WWS Calendar

LAPA Seminar - Rights Refracted: Disability Rights Diffusion and Anti-Discrimination Legislation in South Korea and Japan

Feb 12, 2018 04:30PM to 06:00PM
301 Marx Hall


Open to the Public
Celeste L. Arrington, LAPA Fellow; The George Washington University. Commentator: Frank L. Upham, New York University School of Law

LAPA’s seminar format encourages attendees to familiarize themselves with the paper in advance. The commentator opens the session by summarizing the main themes in the paper and presenting some topics for discussion.

Copies of the seminar paper are available during regular business hours at the LAPA Office, 342 Wallace Hall.

From Professor Arrington:

Disability rights have expanded worldwide, including in East Asia. South Korea and Japan both recently enacted legislation banning disability-based discrimination. Yet the Japanese law had a less detailed definition, narrower scope, and weaker enforcement mechanisms. These differences present a puzzle for existing theories of international rights diffusion, emulation, and socialization. Indeed, both governments and activists from both countries were involved in crafting the 2006 Convention on the Rights of Persons with Disabilities and admired the earlier Americans with Disabilities Act. Comparing Korea and Japan indicates that, while international law and transnational activism have a role to play in inspiring and enabling domestic actors, it is necessary to consider domestic factors to understand the particular rights regimes that countries adopt. This paper shows that diffused rights ideas were refracted and then projected onto domestic law in distinctive ways in Korea and Japan by the interaction of three domestic factors: 1) existing repertoires of legal mobilization and collective action, 2) the domestic political debates in which disability discrimination was couched, and 3) the institutional templates available for implementing anti-discrimination provisions.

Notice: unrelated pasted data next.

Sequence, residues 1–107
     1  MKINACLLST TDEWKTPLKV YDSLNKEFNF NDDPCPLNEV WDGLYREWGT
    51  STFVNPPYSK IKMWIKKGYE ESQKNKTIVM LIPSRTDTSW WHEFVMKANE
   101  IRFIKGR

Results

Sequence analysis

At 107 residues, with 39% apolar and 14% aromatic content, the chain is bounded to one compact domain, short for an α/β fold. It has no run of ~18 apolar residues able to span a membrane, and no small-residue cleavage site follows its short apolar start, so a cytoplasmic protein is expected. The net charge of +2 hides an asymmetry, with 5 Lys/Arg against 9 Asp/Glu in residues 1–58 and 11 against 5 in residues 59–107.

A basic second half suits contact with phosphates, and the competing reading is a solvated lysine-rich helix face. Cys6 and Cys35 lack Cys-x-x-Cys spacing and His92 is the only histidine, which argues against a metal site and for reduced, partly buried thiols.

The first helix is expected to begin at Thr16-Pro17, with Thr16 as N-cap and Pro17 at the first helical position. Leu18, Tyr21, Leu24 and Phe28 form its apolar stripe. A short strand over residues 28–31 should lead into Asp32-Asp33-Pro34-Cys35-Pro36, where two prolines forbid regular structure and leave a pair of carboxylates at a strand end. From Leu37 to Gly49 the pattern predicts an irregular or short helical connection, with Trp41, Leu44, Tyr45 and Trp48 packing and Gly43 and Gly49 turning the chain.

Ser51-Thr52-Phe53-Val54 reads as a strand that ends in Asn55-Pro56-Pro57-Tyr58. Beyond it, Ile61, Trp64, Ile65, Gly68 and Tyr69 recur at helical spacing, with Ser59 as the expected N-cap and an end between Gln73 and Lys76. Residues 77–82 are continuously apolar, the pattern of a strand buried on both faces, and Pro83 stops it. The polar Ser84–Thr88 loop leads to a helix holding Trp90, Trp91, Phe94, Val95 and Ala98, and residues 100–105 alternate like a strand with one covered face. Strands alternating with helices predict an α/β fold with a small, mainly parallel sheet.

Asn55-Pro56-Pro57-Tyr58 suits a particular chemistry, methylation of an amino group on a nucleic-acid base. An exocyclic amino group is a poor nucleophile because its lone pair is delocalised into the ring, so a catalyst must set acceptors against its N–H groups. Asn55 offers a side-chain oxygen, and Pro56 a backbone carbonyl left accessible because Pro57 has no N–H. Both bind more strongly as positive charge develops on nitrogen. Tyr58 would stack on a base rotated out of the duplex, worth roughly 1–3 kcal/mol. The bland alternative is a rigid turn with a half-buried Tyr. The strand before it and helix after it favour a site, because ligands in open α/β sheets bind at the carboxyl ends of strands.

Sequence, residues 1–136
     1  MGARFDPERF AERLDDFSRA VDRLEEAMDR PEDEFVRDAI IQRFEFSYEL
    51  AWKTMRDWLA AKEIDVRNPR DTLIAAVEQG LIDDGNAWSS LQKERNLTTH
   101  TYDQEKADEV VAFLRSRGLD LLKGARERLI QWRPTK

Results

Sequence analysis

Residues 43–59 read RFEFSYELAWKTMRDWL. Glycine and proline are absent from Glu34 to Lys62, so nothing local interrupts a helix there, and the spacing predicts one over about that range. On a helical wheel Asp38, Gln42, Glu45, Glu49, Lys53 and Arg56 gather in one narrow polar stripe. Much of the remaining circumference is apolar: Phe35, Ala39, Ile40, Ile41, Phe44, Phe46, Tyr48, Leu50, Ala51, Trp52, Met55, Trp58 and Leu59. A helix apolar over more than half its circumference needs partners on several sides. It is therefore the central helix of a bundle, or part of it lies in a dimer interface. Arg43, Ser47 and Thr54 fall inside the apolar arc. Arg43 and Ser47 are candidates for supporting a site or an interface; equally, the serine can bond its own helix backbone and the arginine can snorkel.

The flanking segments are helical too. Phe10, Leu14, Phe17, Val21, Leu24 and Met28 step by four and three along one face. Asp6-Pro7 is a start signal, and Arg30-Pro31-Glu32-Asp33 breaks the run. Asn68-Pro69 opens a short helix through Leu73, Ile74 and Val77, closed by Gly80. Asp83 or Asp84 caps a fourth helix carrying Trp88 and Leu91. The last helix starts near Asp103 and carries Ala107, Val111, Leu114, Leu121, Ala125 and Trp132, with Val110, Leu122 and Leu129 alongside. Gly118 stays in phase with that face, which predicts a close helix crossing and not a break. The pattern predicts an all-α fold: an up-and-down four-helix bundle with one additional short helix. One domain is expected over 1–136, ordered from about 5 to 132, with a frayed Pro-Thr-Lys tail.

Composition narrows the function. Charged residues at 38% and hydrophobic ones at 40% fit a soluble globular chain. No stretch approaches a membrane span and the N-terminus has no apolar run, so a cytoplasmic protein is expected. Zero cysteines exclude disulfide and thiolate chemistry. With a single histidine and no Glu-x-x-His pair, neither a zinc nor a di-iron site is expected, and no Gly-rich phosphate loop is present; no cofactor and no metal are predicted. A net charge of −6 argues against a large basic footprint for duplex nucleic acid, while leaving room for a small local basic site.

MORE INFORMATION: Contact Judi Rivkin, jrivkin@princeton.edu